The annual Freshfields Arbitration Lecture took place on 30 November 2021 with the Honourable Chief Justice of Singapore, Sundaresh Menon, delivering the keynote address. For the second year running it was held virtually due to the ongoing travel restrictions imposed by the covid-19 pandemic.

Tribute was paid to the late Martin Hunter by both Professor Julian Lew QC, Head of the School of International Arbitration, and Sylvia Noury, Head of the London international arbitration practice at Freshfields. Martin Hunter founded the Freshfields arbitration practice along side Alan Redfern and taught on the School of International Arbitration’s first diploma course in 1985-1986. Significantly, he also played a fundamental role in establishing the Arbitration Lecture, laying the foundations for the event to flourish into the renowned and distinguished event it is today.

The topic of this year’s lecture was “Gateways to Justice: the Centrality of Procedure in the Pursuit of Justice”. Chief Justice Menon spoke about the fundamental importance of procedural reform and innovation to the rule of law, noting that the evolution of the law over the past decades has been predominantly fixated on substantive law.  

He described the rapid growth of arbitration as a means of dispute resolution as perhaps the “most significant procedural innovation of the past few decades”, noting that while this is remarkable it may also evidence a sense that traditional court procedures have proved inadequate to meet evolving legal needs.

Chief Justice Menon referred to the pandemic serving as a timely wake-up call for the profession, demonstrating the importance of a modernised and robust procedural framework as justice systems grappled with restrictions on travel and face-to-face contact. He referred to the tremendous potential of procedure highlighted by the pandemic, as jurisdictions swiftly rallied to implement a generational update of their procedural frameworks, including a broad shift to virtual hearings and acceptance of electronic signatures.

Chief Justice Menon then challenged the audience to consider whether these innovations – which have largely been limited to using technology to approximate or analogise our physical experience in a virtual space - are “really the limit of our imagination”.  In the current climate of structural reform, Menon advocated for seizing the current momentum to redefine and reengineer the structural architecture of our dispute resolution systems, including arbitration.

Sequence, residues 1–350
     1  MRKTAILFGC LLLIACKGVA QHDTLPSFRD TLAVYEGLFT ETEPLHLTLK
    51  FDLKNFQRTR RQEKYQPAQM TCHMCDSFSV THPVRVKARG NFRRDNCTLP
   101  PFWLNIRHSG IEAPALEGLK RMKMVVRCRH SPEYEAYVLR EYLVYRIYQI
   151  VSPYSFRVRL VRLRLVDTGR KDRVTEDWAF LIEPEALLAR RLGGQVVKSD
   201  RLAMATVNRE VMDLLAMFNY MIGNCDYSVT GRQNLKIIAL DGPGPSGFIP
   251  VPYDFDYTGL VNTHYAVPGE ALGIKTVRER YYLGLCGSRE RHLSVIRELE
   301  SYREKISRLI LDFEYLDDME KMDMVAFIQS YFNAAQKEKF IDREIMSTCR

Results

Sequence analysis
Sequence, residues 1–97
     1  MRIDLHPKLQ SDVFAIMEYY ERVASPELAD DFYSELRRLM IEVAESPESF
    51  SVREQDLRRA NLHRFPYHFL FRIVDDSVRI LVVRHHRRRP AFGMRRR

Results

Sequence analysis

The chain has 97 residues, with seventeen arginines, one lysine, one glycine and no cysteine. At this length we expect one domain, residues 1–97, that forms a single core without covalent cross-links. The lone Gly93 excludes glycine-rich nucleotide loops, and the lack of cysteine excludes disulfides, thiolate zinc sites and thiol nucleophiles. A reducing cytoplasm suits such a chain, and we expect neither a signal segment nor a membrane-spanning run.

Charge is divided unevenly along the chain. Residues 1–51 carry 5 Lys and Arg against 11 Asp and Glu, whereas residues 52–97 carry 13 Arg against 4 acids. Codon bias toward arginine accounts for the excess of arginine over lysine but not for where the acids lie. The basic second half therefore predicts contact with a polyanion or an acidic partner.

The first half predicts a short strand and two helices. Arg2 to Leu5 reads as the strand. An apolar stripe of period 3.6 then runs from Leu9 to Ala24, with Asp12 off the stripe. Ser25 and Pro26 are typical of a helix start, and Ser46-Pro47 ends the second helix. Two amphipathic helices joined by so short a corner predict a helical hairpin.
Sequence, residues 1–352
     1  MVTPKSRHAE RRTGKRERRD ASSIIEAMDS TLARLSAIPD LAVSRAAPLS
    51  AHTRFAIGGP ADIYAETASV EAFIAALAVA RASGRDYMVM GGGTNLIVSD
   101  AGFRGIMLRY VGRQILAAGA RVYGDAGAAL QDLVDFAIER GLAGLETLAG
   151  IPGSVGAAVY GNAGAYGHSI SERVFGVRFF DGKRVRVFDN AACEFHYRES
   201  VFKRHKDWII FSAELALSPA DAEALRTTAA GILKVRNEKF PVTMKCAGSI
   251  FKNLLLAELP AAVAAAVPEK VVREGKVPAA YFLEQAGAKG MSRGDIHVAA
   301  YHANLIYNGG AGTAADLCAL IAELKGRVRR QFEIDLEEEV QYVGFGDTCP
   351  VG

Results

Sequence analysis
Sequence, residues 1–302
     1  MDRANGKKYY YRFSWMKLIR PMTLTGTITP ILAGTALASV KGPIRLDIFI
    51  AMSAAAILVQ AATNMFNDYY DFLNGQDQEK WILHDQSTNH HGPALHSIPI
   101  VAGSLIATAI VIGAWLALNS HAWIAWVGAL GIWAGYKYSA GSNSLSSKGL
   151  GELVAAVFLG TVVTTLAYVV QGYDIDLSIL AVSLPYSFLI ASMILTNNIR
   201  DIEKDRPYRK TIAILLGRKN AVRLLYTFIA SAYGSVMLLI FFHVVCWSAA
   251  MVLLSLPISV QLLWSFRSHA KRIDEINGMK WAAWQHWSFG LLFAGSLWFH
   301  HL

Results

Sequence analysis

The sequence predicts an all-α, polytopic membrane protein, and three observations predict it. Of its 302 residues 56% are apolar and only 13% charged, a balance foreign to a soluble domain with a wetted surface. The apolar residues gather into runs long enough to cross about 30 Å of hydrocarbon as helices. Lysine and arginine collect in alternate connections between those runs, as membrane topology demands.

With respect to arbitration, he argued that despite its roots as a procedural innovation, arbitration is today facing some of the very issues with litigation that had once contributed to arbitration’s popularity. With respect to small value employment or consumer claims, for example, the Chief Justice reasoned that the arbitral process was simply not designed with such claims in mind.

In relation to ISDS, it was noted that the growing legitimacy crisis may be traced at least in part to the failure to appreciate the different interests in play in such disputes, instead adopting and applying arbitral processes developed for private disputes to matters with a strong public element. He used transparency to demonstrate that procedural norms can take dramatically different significance and complexion depending on the context.

Chief Justice Menon expressed his view that procedural reform is both ripe and urgent – in his view we should (i) develop differentiated models of justice that better serve the needs of users in different contexts; (ii) prioritise proportionate solutions that bear a sensible relation to the complexity of a case and the quantum at stake; and (iii) simplify rules and frameworks to the greatest extent possible so they do not themselves become insurmountable barriers of entry to the justice system.

He suggested the arbitration community may benefit from rethinking its approach to a range of issues – from the need to contextualise the procedures for investor-State disputes, to the possibility of developing dedicated AI-enabled processes for small claims, to considering new evidential methods for the resolution of hyper-complex disputes, such as representative sampling.

Menon concluded that “only if we, as privileged legal professionals, apply ourselves to think more deeply about how we can transform our procedural frameworks to sustain a justice system capable of serving us amidst the great challenges of our times, might procedure come to serve as a real gateway to justice.”

In her vote of thanks, Sylvia Noury thanked the Chief Justice for his lecture, which “transcended borders and broke down barriers with content that was both evocative and provocative”. She commented on how authentically the lecture reflected the values of the lecturer himself, who is universally applauded for being a driver of innovation. While helping to shape the Singapore International Arbitration Centre, he has also championed and implemented alternatives to arbitration, including the Singapore International Commercial Court and the Singapore Convention on Mediation. He has also been the driving force behind recent technological advances in Singapore responding to the pandemic, including a vision for an online court.

To watch the 2021 Arbitration Lecture, click here.